What makes a hero

Story highlights

  • 3 friends from U.S. among those credited with averting terrorist attack
  • Mel Robbins: They went from vacationers to guardians

Mel Robbins is a CNN commentator, legal analyst, best-selling author and keynote speaker. In 2014, she was named outstanding news talk-radio host by the Gracie Awards. The opinions expressed in this commentary are solely those of the author.

(CNN)They were on a packed train heading for Paris when gunshots rang out. Moments later, a shirtless Ayoub El Khazzani entered the train car with multiple weapons. Mark Moogalian, a 51-year-old American and author and teacher, moved on instinct "to protect his wife" and lunged.

Meanwhile, Alek Skarlatos, a member of the U.S. National Guard, had seen the gunman, too. All it took were three words, "Let's go, go" and he and his childhood buddies Spencer Stone, a U.S. Air Force airman; and Anthony Sadler, a senior at Sacramento State, switched from vacationers to guardians, charging down the aisle of the train to help. Their heroism inspired Chris Norman, a British businessman, to join them.
Mel Robbins
They tackled the potential gunman on behalf of the over 500 people on the train. Skarlatos was slashed with a box cutter, Moogalian was already down, shot in the neck. There seems little debate that these men stopped an attack that easily could have been "true carnage": the suspect is said to have had an AK-47, pistol, a blade and a bag of ammunition.
    President Barack Obama commended their courage and President Francois Hollande awarded them France's highest honor: the Legion d'Honneur.
    We've seen it over and over again -- ordinary people who become extraordinary heroes in an instant. Acting on instinct they run toward danger, instead of running away. They subdue a threat on a plane, a train or on the street.
    You might think that heroism and courage are complicated matters, but they really aren't. It doesn't come down to training or experience, it just comes down to your heart signaling you to go and help. To pull a fire alarm, as a shooter fires shots in a crowded theater. To shelter others with your own body as a gunman walks down the school hallway.
    The difference between those of us who freeze and don't speak up, don't help and those that do is so simple and so clear that even a 10-year-old can explain it. I know, because I talked to mine about the heroes on the train.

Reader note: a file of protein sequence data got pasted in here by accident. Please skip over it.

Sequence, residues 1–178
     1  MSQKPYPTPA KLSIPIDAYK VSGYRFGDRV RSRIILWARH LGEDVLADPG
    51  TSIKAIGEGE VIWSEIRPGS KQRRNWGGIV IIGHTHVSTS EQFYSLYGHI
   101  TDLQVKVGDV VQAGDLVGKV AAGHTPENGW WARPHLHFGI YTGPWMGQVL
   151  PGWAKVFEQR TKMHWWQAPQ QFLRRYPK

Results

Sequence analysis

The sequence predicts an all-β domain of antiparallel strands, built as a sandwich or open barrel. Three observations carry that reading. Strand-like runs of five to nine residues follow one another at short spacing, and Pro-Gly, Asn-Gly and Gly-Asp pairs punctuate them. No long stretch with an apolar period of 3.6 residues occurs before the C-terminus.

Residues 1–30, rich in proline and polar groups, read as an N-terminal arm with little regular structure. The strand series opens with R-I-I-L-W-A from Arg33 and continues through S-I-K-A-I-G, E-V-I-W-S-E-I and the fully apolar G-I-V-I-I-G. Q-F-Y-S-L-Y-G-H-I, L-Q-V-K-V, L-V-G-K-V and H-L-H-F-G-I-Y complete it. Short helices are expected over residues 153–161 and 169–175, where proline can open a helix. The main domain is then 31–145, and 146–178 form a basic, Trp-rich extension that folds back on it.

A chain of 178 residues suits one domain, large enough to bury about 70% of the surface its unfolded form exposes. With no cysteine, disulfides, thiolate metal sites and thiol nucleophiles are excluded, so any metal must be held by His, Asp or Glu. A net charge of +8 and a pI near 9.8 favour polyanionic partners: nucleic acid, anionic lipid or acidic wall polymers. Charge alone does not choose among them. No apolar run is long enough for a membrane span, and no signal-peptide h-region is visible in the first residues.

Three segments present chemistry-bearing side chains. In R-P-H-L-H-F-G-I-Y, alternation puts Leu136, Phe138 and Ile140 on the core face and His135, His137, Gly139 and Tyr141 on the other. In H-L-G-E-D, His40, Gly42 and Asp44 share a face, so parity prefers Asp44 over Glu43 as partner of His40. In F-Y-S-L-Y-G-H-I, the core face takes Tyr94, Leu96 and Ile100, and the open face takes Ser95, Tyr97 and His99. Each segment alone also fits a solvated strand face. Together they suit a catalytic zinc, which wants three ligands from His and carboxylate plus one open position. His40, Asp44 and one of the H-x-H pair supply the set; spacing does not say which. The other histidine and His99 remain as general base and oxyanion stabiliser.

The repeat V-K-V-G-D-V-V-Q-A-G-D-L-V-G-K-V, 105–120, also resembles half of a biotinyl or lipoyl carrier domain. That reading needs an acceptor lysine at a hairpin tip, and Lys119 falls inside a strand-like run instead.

What he had to say was so simple and so awesome, I wanted to share it with you.
    I asked, what is a hero?
    "That's a good question. A lot of people think that heroes are people that have superpowers, but that's wrong," he responded. "Not all people with superpowers are good. There are lots of bad guys with super powers, like the Joker, Loki, Dr. Octavius, and Magneto. So having a superpower doesn't make you a hero. It's how you use your power that makes you a hero."
    How do heroes use their power?
    "They do it in two ways. They either protect you, or they make you feel better."
    Do you know any heroes?
    "Yes, I know lots of heroes. There's all those heroes that protect us: the police, firemen, the army, military guys that you're always thanking, ambulance drivers, like the one who drove me to the hospital, she was a hero ... But then there are the helper heroes too -- like teachers, seeing eye dogs and doctors."
    What is one thing that heroes do that make them heroes?
    "They always act. When something blows up and everyone is running away, the hero always runs to the blast to protect you. Or if it's a helping hero like a teacher, they always walk up and ask you if you need help. It's like they know inside them that someone needs their help. Heroes don't need to be asked, they just know.
    Have you ever been a hero?
    "I don't know ... (stares out the window for a bit) ... I've been telling my friend whose parents are divorcing that it will be OK. I text her every day to see if she is OK. She's got no one to talk to and she's really worried, so I want her to know she has me. I guess that kinda makes me a helping hero."
    Anything else you want to add about heroes?
    "Yes, anyone can be a hero. You just can't think about it, you just have do what is in your heart to help."
    Speaking to the press after the attack Chris Norman admitted that his "first reaction was to sit down and hide," and then his heart signaled him to act. "OK, I'm probably going to die anyway, so let's go."
    Hopefully none of us with find ourselves in a situation as terrifying as the one on the train. As President Hollande said at the French award ceremony: "Here are four men who with the help of others acted not just to save their own lives, but who also came to help others and saved the lives of others."
    In doing so, they reminded us that heroic deeds can come at any time, and in many forms. We all have the potential inside us, but we all have to be willing to do one thing: to act when our heart tells us it's time to go.